The State concedes that defendant's use or threatened use of the knife did not precede or accompany the taking of the purse. However, the State argues that defendant could still be found guilty of armed robbery because his use or threatened use of a weapon was "so joined by time and circumstances with the taking as to be part of one continuous transaction." State v. Olson, 330 N.C. 557, 566, 411 S.E.2d 592, 597 (1992). In Olson, the defendant used a gun to shoot a homeowner who returned to his home just as defendant was preparing to leave with some items he had obtained after breaking into the house. Id. at 562, 411 S.E.2d at 594. In contrast, defendant here took the purse, left the house, gave the purse to Corey Hicks, and re-entered the house before he decided to rape Ms. B. We cannot conclude that defendant's alleged use of the knife while attempting to rape Ms. B. was so joined in time and circumstances with the taking of the purse as to be part of one continuous transaction. Moreover, unlike Olson, the harm or threatened harm in the instant case was not for the purpose of completing the taking of Ms. B.'s property. For the foregoing reasons, we hold that the trial court erred by denying defendant's motion to dismiss the charge of robbery with a dangerous weapon, and we arrest judgment on that charge.
Defendant's last four assignments of error relate to the trial court's denial of his motions to dismiss the three charges of conspiracy to commit second-degree rape (94 CRS 28953, 28954, and 28955). He claims that the State did not present sufficient evidence that any of the charged conspiracies existed. In the alternative, he claims that the evidence supported the existence of at most one conspiracy.
A criminal conspiracy is an agreement between two or more people to commit a substantive offense. State v. Griffin, 112 N.C.App. 838, 840, 437 S.E.2d 390, 392 (1993). The agreement may be an express understanding or a mutual implied understanding. State v. Bell, 311 N.C. 131, 141, 316 S.E.2d 611, 617 (1984). The existence of a conspiracy may be established by direct or circumstantial evidence. Id. Once an unlawful agreement is formed, the conspiracy continues until it is either completed or abandoned. Griffin, 112 N.C.App. at 841, 437 S.E.2d at 392. Where, as here, the State elects to charge multiple separate conspiracies, it must prove the existence of separate and distinct agreements to commit the substantive offense(s). Id. at 840, 437 S.E.2d at 392. The State contends that three separate conspiracies were formed and abandoned during the early morning hours of 27 July 1994.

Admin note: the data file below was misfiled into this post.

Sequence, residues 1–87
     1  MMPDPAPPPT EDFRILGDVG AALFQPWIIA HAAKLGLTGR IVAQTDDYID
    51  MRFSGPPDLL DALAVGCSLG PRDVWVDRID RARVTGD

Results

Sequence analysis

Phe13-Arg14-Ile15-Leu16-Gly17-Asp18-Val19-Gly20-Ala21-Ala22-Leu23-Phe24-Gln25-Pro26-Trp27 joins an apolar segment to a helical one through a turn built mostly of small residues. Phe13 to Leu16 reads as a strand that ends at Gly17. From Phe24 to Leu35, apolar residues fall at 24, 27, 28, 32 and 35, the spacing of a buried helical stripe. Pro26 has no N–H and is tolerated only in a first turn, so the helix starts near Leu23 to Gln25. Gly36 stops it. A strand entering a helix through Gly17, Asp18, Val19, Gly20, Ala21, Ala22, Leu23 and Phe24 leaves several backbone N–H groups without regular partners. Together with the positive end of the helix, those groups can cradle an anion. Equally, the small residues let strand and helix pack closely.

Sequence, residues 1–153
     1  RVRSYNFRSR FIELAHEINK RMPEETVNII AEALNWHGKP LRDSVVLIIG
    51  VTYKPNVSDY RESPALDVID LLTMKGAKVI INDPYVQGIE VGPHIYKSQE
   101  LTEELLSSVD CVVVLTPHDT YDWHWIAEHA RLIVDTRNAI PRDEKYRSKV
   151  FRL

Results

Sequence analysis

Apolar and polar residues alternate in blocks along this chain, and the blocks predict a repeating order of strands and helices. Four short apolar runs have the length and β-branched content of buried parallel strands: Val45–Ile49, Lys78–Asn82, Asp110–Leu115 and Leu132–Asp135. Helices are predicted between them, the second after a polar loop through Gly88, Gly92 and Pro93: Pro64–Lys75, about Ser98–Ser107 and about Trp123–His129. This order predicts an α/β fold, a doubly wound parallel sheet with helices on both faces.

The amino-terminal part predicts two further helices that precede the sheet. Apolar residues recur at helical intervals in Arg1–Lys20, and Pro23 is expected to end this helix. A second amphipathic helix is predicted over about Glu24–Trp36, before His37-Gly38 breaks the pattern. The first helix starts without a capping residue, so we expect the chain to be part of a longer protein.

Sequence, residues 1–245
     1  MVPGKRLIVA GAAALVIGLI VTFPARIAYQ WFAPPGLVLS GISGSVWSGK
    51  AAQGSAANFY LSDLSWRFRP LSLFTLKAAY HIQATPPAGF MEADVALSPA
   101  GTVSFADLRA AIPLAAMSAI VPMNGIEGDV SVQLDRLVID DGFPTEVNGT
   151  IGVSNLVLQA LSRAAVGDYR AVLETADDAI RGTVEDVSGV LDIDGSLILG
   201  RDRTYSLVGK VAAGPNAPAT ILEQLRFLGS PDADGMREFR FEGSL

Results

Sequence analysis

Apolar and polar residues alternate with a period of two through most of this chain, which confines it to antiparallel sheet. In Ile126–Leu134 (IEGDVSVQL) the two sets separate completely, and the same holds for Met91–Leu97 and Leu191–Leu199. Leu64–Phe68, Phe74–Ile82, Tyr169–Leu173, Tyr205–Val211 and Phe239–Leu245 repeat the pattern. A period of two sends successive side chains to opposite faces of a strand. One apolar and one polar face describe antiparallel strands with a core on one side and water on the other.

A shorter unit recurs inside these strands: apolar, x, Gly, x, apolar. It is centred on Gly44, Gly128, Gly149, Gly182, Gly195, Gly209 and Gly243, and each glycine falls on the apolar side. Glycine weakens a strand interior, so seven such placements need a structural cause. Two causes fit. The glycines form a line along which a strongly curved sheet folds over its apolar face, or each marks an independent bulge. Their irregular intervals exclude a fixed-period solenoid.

In the light most favorable to the State, the evidence showed that defendant and his three companions agreed to rape a female by going up to her door, knocking her out, and raping her. The four agreed that in the event of a struggle, they should be sure the victim did not scratch them, thereby getting skin under her fingernails. They further agreed that after raping the victim they should put her into the bathtub to wash off the evidence. We find that this constitutes substantial evidence of one conspiracy to commit second-degree rape. However, we agree with defendant that the evidence did not support the existence of three separate conspiracies.
This Court has held that in determining the number of conspiracies formed, several factors must be considered, including the objective, the time interval, the number of participants, *662 and the number of meetings. State v. Rozier, 69 N.C.App. 38, 52, 316 S.E.2d 893, 902, cert. denied, 312 N.C. 88, 321 S.E.2d 907 (1984). Each of defendant's alleged co-conspirators testified that on the night of the alleged offenses, only one objective existed among the four men: to "find somebody that night and rape them." They testified that they did not plan or agree to rape a specific woman such as Carolyn S., Wilma W., or Donna E. Moreover, the time interval was brief (a few hours), the number and identity of the participants remained the same throughout, and only one meeting occurred between the participants in planning the crime. The evidence here showed at most that the men agreed to rape someone. Pursuant to this general objective, they went to Ms. S.'s house. After having no success there, the men did not abandon their plan, but continued in their effort to find a woman to rape. Over the course of the evening, this effort took them to the homes of Ms. W., Ms. E., and Ms. B. Their plan was abandoned only upon leaving Ms. B.'s home, after which time they stopped looking for a woman to rape. Since the evidence supports the existence of only one conspiracy, it was error for the trial court to deny defendant's motions to dismiss two of the three conspiracy charges. We therefore arrest judgment in 94 CRS 28954 and 28955.
No error in 94 CRS 26597, 26958, and 28953.
Judgment arrested in 94 CRS 26599, 28954, and 28955.
Remanded for resentencing.
GREENE and JOHN C. MARTIN, JJ., concur.